The real cost of not having powers of attorney in Ontario
Disclaimer: This article on the powers of attorney is intended for the purpose of providing information only. It is to be used only for the purposes of guidance. This article is not intended to be relied upon as the giving of legal advice and does not purport to be exhaustive.
One of the only constants in life is change. Our circumstances can change at any moment. And we cannot understate the importance of preparing for whatever comes our way.
At Beeksma Law, we want you to be able to protect your families, your assets and your wishes. That is why we strongly encourage our clients to have powers of attorney for personal care and for property.
Because the cost of not having them in place is too high.
In this article, we will talk about why it is imperative that you have powers of attorney prepared. Then we will discuss what can happen if you fail to do so. If you would like to discuss your estate planning, please get in touch with our office. We would be more than happy to help you discuss your options.
Why you may need a Power of Attorney
The Power of Ontario Act governs powers of attorney in Ontario and gives someone (an attorney) the power to act and make decisions on your behalf if you become mentally incapacitated. You may be deemed mentally incapable and unable to decide about your property or personal care for various reasons. For example, it may be because of an accident or the result of an illness.
To be fully protected, you will want to prepare each type of power of attorney: a power of attorney for property and a power of attorney for personal care.
A power of attorney for personal care covers decisions about your personal care. For example, it may include decisions about your medical treatment, health care, where you will live, and the type of care you will receive.
On the other hand, a power of attorney for property covers decisions related to your finances and property. This can include paying bills, managing investments, and buying or selling property.
What happens if you do not have a power of attorney?
As noted in this article, this is where powers of attorney and wills differ. If you die without a will, the Intestacy Act outlines what happens to your estate.
However, if you are incapacitated and do not have a power of attorney, there is no corresponding legislation that applies.
Becoming incapacitated without a power of attorney can significantly and negatively impact many areas of your life. If you are being treated for any health issues, your treatment may be delayed and your care may not be aligned with your beliefs or wishes. Another major consequence is that your property and finances may be left in limbo.
To remedy this situation, one of your loved ones will need to file a guardianship application with the courts to give them permission to act as your guardian and handle your affairs. Alternatively, the Office of the Public Guardian and Trustee (OPGT) may also be appointed to act on your behalf.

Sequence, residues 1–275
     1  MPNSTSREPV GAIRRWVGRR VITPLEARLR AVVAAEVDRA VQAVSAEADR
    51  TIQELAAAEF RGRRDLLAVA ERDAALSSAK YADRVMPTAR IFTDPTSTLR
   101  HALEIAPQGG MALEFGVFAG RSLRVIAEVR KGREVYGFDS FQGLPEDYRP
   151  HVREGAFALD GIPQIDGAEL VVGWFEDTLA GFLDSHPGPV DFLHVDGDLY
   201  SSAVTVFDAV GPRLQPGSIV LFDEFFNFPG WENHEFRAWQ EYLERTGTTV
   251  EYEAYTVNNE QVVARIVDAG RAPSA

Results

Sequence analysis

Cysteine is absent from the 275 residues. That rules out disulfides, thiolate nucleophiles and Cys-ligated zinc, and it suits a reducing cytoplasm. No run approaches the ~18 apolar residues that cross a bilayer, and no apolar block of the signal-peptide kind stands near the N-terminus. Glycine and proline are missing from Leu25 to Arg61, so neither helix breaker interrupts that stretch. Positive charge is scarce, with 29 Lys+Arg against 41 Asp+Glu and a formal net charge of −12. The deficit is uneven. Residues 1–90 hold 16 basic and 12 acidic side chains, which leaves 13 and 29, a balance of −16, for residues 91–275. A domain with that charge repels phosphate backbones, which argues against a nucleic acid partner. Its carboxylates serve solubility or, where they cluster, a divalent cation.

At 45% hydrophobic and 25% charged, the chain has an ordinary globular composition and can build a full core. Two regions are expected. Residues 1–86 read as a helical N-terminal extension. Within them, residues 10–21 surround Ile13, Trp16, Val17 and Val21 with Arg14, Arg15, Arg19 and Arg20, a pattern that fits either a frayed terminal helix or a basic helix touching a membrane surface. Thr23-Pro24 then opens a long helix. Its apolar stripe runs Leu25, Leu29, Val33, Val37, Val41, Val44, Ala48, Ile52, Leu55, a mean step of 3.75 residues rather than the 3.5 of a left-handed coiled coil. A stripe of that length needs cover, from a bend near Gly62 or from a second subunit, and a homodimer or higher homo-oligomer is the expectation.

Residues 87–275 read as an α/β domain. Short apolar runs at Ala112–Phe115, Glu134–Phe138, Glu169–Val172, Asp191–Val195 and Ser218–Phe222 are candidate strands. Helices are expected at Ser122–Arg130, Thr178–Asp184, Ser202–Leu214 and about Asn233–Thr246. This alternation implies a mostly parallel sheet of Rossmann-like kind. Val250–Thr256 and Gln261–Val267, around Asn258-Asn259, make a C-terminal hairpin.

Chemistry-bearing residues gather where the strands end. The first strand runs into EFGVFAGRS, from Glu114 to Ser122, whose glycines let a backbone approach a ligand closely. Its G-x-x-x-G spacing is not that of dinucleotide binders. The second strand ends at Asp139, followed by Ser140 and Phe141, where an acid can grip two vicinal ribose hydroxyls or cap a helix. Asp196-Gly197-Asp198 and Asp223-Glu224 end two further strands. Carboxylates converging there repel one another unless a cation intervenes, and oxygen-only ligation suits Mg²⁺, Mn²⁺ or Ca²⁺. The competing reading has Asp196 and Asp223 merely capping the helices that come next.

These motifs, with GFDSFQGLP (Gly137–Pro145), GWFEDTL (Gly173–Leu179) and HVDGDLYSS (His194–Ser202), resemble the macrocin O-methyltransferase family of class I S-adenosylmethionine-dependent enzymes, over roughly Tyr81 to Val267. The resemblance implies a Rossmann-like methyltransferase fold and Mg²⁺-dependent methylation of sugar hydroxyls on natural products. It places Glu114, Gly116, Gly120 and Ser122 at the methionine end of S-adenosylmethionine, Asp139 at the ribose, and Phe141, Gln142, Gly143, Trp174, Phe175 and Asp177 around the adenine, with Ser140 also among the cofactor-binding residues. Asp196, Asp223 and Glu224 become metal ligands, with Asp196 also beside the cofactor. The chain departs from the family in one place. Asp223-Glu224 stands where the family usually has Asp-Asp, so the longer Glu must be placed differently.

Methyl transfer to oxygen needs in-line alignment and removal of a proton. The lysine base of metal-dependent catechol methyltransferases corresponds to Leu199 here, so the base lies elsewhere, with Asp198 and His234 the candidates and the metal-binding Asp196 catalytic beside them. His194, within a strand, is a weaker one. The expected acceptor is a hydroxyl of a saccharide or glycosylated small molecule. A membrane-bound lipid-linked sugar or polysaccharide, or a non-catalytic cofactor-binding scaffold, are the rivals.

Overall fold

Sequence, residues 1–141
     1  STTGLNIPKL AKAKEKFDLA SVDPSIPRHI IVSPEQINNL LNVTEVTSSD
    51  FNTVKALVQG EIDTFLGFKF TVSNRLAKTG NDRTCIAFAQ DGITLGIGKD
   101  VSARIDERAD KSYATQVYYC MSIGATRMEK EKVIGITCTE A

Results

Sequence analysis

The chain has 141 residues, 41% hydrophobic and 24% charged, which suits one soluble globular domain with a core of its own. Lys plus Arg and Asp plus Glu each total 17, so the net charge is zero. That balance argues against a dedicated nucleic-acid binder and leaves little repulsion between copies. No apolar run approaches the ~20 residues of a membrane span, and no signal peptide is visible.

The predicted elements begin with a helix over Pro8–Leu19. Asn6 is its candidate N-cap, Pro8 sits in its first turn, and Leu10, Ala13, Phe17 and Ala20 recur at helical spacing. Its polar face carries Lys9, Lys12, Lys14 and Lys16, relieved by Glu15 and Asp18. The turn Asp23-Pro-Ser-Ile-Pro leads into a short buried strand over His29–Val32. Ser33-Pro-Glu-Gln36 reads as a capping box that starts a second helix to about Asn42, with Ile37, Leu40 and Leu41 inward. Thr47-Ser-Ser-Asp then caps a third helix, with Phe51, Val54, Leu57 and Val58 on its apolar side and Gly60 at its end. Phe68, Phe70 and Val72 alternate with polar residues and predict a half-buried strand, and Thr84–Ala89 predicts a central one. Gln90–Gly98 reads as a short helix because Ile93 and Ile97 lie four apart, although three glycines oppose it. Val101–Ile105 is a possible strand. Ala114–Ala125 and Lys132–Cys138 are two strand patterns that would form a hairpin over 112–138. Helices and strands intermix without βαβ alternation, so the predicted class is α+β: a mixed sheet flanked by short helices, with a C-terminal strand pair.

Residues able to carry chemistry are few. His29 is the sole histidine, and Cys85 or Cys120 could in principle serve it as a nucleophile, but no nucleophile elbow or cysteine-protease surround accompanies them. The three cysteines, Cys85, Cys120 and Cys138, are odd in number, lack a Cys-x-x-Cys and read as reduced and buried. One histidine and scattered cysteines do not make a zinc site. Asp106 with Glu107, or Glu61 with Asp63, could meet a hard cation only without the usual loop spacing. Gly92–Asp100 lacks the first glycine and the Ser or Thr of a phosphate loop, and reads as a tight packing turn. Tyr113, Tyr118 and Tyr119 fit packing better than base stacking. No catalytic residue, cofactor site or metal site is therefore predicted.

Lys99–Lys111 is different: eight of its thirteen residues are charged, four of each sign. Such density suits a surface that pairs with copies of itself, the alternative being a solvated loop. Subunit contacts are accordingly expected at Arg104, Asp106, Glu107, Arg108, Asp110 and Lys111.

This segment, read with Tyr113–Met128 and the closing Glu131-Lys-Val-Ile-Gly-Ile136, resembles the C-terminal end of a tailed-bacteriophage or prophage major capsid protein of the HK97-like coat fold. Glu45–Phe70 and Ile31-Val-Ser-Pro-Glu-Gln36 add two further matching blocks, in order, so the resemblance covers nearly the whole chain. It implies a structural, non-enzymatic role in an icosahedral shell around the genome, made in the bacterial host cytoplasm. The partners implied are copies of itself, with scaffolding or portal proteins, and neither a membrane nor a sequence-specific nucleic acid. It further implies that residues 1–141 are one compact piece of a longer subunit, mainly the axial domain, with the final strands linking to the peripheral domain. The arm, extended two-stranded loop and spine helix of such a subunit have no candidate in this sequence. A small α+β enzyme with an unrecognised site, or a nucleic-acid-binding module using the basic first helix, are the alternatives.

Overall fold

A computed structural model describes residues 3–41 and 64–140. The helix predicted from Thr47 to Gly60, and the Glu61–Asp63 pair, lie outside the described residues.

How much does a guardianship application cost?
The cost of a guardianship application can vary. However, your costs will be significant – and many times more than the cost of preparing your powers of attorney. This cost can be especially burdensome for families who are already struggling to manage the expenses of a loved one or family member who is incapacitated.
Even an uncontested guardianship application (meaning one where no one has any objections) will cost several thousand dollars. Contested guardianship applications can cost significantly more, and the expenses can quickly add up. The costs of a guardianship application may include attorney fees, court costs, and other expenses related to the application process, such as a capacity assessment.
In addition to the financial cost, there is also an emotional cost to not having a POA. The stress and uncertainty of not knowing who will manage your affairs can take a toll on everyone involved. It can also lead to family conflict and legal disputes, which can be especially painful during a time of crisis.
To avoid preparing powers of attorney to save money now – only to pay much more later – would be penny wise, pound foolish.
Why everyone needs a power of attorney?
We often think about estate planning as being a priority for the elderly. However, the truth is that we do not know what the future holds for any of us. The fact is, we want to protect our loved ones. We do want to make sure that our wishes are respected – not only if we pass away, but if we are alive and unable to make our own decisions.
That is why we encourage you to have all of the essential legal documents prepared at the same time. The cost to prepare powers of attorney – especially if you prepare wills at the same time – is much lower than the alternative. And we cannot put a price on the peace of mind that comes from knowing that you have cared for your loved ones and your own future.
At Beeksma Law, we understand the importance of these legal documents and strive to make the process as easy and stress-free as possible. Our team will create customized legal documents – such as powers of attorney, wills, and trusts – that reflect your individual wishes. Contact our team today to get started.